The public are being asked to revisit the voyages of World War One Royal Navy warships to help scientists understand the climate of the past and unearth new historical information.
Visitors to OldWeather.org, which launches on 12 October 2010, will be able to retrace the routes taken by any of 280 Royal Navy ships including historic vessels such as HMS Caroline, the last survivor of the 1916 Battle of Jutland still afloat.
By transcribing information about weather, and any interesting events, from images of each ship’s logbook web volunteers will help scientists to build a more accurate picture of how our climate has changed over the last century, as well as adding to our knowledge of this important period of British history.
‘These naval logbooks contain an amazing treasure trove of information but because the entries are handwritten they are incredibly difficult for a computer to read,’ said Dr Chris Lintott of Oxford University, one of the team behind the OldWeather.org project. ‘By getting an army of online human volunteers to retrace these voyages and transcribe the information recorded by British sailors we can relive both the climate of the past and key moments in naval history.’
Dr Peter Stott, Head of Climate Monitoring and Attribution at the Met Office, said: ‘Historical weather data is vital because it allows us to test our models of the Earth's climate: if we can correctly account for what the weather was doing in the past, then we can have more confidence in our predictions of the future. Unfortunately, the historical record is full of gaps, particularly from before 1920 and at sea, so this project is invaluable.’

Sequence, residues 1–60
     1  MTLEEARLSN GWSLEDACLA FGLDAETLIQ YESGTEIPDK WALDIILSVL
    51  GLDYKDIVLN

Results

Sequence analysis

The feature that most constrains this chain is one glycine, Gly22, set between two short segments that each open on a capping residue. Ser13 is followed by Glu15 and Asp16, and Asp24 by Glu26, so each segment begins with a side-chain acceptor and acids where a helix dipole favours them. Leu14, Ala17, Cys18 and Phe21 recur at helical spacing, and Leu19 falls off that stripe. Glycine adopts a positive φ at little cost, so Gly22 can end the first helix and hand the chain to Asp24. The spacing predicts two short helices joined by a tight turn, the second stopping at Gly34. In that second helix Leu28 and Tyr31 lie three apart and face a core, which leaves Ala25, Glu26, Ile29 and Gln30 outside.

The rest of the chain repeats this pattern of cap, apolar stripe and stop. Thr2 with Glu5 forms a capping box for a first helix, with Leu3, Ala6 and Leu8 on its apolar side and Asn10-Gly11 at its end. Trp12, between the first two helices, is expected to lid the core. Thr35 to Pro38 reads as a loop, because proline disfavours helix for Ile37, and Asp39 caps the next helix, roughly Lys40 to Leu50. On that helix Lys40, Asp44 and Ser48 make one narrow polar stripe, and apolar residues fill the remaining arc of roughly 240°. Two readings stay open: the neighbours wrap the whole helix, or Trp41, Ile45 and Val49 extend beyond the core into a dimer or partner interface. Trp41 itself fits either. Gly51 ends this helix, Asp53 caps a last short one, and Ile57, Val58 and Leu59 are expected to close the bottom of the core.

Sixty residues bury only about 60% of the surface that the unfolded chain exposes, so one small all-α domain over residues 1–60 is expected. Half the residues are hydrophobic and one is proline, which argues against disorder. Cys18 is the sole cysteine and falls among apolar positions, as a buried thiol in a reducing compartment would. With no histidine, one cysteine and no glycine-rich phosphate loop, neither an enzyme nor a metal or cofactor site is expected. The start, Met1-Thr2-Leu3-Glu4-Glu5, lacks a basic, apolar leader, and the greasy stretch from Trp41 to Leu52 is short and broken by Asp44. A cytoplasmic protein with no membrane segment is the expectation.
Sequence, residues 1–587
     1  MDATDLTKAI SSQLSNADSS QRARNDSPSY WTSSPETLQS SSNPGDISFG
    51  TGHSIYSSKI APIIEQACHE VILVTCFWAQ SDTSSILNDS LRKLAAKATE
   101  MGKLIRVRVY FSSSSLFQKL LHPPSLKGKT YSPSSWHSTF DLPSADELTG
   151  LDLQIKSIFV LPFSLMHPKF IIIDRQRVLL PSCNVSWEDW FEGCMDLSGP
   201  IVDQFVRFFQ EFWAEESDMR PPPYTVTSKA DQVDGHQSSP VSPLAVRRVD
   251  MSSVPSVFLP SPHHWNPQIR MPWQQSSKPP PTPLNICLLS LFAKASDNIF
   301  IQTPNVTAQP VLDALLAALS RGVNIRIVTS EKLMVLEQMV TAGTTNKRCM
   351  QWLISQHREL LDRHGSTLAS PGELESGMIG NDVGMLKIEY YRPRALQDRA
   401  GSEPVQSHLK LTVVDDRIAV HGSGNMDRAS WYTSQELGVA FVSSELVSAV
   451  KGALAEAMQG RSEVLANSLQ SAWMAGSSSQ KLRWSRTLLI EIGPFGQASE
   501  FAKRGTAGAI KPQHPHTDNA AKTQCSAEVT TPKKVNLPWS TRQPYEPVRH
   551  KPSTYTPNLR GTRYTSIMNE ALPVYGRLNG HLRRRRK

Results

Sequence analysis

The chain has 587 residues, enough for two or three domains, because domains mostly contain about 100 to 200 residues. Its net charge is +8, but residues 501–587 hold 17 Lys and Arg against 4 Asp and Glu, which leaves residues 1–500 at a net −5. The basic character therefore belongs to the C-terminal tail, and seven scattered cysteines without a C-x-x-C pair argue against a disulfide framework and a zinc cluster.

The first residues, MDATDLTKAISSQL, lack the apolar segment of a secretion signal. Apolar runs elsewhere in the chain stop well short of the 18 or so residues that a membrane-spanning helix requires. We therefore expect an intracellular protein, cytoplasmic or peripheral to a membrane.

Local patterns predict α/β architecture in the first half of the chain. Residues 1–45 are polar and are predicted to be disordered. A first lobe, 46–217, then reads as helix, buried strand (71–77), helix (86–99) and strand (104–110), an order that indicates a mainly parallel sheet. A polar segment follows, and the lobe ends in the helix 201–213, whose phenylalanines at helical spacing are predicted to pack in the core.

Dr Robert Simpson of Oxford University, one of the OldWeather.org team, said: ‘Luckily, these observations made by Royal Navy sailors every four hours without fail – even whilst under enemy fire! – can help to fill this ‘data gap’. It’s almost like launching a weather satellite into the skies at a time when manpowered flight was still in its infancy.’
Citizen Journalism is established now - even though the old guard hate it. And now Citizen Science is emerging - here is a very interesting Oxford project that asks for volunteers to go through ship log books to record old weather patterns. Asks by the way on Facebook!.
In the field of Astronomy, citizen science is long established. Like in the oil industry, amateurs are usually the ones who find the asteroids etc and then their finds are taken up by the "Majors".
The advent of social media will surely change science as it changes all fields. The irony is that the great achievements of science were mainly made back in the day when it was all Citizen Science!
It is so refreshing to get the "professional" out of telling stories, teaching and now science.